Writing a business plan

Running your own business is exciting and challenging all at once. Whatever your goals, we’d like to help you get off to a great start. A business plan will help you develop a crystal clear vision of your business and keep you focussed on your goals.

Here are some tips you might like to consider to help you write a business plan. It’s a general guide so please seek professional advice for your own business.


Why develop a business plan?

  • Helps give clarity to your objectives and goals, and keeps you on track.
  • Gives employees a strong sense of direction and purpose.
  • Provides a yardstick against which you can measure progress.
  • Helps give you credibility and legitimacy with your bank, investors, suppliers and others.

Here’s what your business plan might look like. We’ve also included a section-by-section breakdown later in this guide.


Summarise the essence of your business.

Business profile

Give an overall description of what your business is and where you want it to go.

The market

An assessment of your market, customers and competitors. Do a SWOT analysis.

Sales and marketing

Detail your sales, marketing, promotional, distribution, and pricing strategies.

Management and staff

How will your business will be managed and staffed? Detail the responsibilities of key staff members.

Operational plan

Detail how your business will operate, include information about your premises, equipment, materials, licences, consents, insurance, suppliers and systems.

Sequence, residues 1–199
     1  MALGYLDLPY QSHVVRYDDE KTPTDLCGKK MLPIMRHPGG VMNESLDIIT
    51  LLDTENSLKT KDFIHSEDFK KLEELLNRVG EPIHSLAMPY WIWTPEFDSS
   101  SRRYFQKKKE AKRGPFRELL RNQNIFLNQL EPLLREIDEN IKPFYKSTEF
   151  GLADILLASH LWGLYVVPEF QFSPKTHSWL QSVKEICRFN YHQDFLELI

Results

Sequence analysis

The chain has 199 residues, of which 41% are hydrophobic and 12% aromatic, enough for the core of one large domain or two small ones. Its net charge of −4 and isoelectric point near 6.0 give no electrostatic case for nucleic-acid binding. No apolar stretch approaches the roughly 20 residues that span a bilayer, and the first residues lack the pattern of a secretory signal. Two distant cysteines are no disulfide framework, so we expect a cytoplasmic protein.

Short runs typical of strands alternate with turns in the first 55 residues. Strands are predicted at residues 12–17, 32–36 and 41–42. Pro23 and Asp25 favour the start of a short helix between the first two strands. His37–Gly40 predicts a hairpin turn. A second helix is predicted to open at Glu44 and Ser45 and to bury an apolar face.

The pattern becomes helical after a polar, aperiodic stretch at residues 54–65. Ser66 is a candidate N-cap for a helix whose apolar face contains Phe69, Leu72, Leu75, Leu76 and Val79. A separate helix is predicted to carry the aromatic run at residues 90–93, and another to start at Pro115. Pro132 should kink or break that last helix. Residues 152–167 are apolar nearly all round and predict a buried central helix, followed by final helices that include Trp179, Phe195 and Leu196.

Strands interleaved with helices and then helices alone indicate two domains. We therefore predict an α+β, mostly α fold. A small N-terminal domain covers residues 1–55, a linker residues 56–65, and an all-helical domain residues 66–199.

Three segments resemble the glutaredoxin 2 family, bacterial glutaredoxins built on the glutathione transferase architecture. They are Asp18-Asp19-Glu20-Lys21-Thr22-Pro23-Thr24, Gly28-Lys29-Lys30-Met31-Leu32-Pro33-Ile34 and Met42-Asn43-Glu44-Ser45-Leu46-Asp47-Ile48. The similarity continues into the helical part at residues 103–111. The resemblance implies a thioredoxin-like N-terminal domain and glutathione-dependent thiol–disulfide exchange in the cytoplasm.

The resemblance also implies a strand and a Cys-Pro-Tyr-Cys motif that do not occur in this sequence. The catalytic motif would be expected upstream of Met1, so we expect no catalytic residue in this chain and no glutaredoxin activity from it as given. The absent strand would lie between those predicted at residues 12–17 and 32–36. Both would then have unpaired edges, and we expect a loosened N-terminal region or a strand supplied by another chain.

Finances and forecasting

How is your business going to be viable? Provide profit and loss forecasting, cash flow, capital expenditure and information on how loans and investors will be repaid.

Continuity planning

If disaster strikes, what is your contingency plan? Detail how you will keep your business operating.

Consider having an independent professional help develop your business plan too; someone such as an accountant. It may carry more credibility, particularly if it includes cash flow forecasts that the professional can endorse.


A business plan in detail

Let’s take a look at a business plan section-by-section.

If you’d like a free business plan template you can find one at business.govt.nz. Use the structure here to build a plan.


The business profile

This section gives an overall description of what your business is and where you want it to go. Key points to include here are:

  • Vision – try to sum up in one sentence what your business is all about, where you want it to go and how you’ll get there.
  • Description – what your business does and the market in which you operate.
  • Your customer – explain who they are, where they are and how your business will meet their needs.


The market

This is an assessment of your market, customers and competitors. A good way to do this is a SWOT analysis for your business:

  • Strengths – what does or will your business do well? What makes you better than other businesses?
  • Weaknesses – what doesn't your business do well at the moment and how will you improve this?
  • Opportunities – where are the areas for growth, both within and outside of the business?
  • Threats – what are the external factors that could change or threaten your business?

Then think about who would buy your product or service and why it’s better or different from your competitors’ products or services. Consider what you will charge for your product or service, and what your sales targets are in order to break even.